How to Write a Quality About Page
Your audience doesn't want to know about your new puppy or your adorable hubby in your about page. Although these things make you more personable, it's not the core information of what your audience needs to know in order to trust you and spend money with your business.
Here's how to craft a quality About Page that turns readers into customers!
What your business can do for them
This is the number one thing that everyone wants to know before they invest their time, money, and/or energy into something.
“What’s in it for me?”
Your audience wants to know how your business benefits them. What problem does it offer a solution to? What issues does it address? What frustration does it ease? How does your business offer useful information to your audience?
You need to be clear with your reader about the exact purpose of your business. Of course, to be clear with them, you have to first be clear with yourself .
In 30 seconds or less, you should be able to tell someone what your business is all about. If it takes you longer than that, you aren’t being clear about what your business offers. Therefore, you aren’t being clear with your reader about what they should take away after leaving your site.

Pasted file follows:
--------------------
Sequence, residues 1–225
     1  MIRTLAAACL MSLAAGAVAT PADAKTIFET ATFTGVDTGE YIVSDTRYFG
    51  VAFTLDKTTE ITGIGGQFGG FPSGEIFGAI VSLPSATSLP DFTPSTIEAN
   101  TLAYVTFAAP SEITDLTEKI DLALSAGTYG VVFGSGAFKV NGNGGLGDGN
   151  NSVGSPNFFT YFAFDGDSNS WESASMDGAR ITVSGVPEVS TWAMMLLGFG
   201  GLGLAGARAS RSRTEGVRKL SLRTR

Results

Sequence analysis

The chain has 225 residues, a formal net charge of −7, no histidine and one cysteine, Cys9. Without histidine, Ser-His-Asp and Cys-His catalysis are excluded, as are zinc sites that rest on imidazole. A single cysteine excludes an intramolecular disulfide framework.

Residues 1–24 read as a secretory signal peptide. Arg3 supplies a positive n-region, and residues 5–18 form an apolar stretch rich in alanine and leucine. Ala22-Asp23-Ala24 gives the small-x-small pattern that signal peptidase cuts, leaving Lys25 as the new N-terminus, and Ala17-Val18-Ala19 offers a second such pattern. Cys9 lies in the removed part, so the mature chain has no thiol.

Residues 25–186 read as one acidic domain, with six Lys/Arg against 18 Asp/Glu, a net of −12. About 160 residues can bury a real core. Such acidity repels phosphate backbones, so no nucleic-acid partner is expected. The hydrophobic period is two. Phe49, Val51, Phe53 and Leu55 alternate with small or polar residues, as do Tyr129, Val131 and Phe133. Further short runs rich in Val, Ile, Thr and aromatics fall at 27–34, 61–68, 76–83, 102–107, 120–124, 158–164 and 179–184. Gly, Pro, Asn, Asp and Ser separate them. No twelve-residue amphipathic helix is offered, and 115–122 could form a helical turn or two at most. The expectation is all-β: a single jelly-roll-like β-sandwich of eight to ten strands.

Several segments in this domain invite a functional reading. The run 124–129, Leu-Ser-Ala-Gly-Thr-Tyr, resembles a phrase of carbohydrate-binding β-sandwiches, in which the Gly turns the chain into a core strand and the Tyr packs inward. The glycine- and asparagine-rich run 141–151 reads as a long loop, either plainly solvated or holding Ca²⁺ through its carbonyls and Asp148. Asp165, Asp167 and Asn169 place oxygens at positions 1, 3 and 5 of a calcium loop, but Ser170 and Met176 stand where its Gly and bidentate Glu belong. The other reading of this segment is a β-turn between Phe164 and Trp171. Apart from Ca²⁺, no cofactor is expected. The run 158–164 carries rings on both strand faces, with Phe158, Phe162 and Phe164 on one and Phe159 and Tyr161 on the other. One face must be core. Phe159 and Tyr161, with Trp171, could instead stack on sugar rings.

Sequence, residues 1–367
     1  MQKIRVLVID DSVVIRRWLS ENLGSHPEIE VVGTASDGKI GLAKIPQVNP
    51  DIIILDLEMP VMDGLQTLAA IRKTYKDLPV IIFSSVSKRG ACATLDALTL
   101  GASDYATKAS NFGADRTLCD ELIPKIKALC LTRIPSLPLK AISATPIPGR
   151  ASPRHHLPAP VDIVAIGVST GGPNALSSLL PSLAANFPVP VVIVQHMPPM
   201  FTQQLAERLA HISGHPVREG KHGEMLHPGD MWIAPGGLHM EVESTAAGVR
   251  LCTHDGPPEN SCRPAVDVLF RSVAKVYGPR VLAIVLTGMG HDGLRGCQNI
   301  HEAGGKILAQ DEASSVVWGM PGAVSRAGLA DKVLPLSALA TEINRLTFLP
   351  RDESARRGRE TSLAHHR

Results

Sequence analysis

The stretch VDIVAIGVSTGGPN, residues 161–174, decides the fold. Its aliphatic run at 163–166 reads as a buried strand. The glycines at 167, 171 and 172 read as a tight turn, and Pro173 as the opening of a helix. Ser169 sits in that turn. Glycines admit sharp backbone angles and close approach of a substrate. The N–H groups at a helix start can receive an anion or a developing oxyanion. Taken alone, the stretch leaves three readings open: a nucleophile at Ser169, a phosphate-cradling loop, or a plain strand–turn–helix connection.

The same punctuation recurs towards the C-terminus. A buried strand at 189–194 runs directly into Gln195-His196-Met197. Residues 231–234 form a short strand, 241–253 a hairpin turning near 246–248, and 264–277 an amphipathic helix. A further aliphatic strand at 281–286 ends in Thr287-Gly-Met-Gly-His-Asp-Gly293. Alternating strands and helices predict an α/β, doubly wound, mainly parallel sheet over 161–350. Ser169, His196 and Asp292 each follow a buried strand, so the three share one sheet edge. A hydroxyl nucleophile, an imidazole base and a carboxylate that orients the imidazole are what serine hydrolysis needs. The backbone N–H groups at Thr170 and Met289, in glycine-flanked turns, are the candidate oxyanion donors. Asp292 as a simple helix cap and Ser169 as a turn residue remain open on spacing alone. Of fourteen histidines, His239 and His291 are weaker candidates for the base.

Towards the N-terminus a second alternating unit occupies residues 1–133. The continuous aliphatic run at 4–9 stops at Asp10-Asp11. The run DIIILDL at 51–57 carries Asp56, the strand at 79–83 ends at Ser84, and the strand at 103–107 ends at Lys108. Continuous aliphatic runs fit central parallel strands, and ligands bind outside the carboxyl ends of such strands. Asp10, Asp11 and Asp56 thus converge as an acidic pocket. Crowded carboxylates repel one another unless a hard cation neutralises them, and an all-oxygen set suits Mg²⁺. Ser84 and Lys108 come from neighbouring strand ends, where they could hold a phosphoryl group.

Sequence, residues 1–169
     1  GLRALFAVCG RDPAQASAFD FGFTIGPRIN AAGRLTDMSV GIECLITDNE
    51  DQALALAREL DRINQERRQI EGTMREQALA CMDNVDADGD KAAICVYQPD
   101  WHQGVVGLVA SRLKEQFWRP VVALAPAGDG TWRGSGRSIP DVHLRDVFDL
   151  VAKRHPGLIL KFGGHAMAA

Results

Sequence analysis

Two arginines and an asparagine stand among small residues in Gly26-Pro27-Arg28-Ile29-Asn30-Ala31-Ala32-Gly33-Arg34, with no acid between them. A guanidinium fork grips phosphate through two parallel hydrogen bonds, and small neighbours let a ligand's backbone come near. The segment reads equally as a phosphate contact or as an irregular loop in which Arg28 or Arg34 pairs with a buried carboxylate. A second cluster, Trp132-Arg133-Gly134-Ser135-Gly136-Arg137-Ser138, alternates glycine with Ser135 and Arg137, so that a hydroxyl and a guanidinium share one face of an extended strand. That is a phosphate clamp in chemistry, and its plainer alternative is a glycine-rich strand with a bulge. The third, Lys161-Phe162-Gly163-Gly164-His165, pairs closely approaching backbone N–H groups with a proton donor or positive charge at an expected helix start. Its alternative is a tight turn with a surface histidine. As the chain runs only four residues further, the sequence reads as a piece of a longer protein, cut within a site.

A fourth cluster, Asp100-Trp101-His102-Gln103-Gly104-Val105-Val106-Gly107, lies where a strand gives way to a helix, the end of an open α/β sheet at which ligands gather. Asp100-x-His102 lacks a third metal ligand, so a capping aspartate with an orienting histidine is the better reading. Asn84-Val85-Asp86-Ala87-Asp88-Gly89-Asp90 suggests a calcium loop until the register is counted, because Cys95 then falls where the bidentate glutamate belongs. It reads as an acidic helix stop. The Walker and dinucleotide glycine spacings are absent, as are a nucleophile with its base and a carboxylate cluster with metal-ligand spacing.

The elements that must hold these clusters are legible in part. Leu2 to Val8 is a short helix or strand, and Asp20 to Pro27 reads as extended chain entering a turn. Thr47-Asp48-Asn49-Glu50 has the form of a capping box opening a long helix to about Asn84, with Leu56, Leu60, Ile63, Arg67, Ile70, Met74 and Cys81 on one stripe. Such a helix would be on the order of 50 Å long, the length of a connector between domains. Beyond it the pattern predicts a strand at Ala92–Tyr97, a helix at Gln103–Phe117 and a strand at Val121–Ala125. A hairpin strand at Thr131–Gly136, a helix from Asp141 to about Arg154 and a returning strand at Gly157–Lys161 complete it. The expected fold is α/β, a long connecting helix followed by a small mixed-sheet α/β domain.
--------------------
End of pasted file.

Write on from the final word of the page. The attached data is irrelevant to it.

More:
When you buy a product from someone, you want to be sure that they are legitimate at what they do, right? You want to be sure that by indulging in their services or products, you are making a good decision about where you're spending your time, money, etc. Your readers are the same way.
They want to know why they should trust you. What makes you an expert in your field? Why is your (insert service/product here) valid?
When creating an “About” section, your audience doesn’t just want to know about your business, they want to know about the person behind the business as well. People do not want to wait around reading about how you love dogs, have a husband, three kids, and take long walks on your off days. They want to get right to the point.
HOW do you know what you're attempting to teach?
Your then and now
For example, if you’re a business coach, share your story about how you built your business up to where it is now. What did it look like before? Share an embarrassing moment or two. What were some of the biggest lessons you had to learn on your journey?
Your audience is typically who you were before your business got to where it is now.
People don’t come to your business just to have a chat about both of you being in the same struggle. They come to you because you have struggled with the same things that they have and overcame it, so they want to learn from you about how to do the same.
It’s important to share a before and after story with your readers. Not only does it build a genuine trust, but it also shows that you’re not perfect. They want a story that they can relate to, which, in turn, helps them to connect with what you have to offer.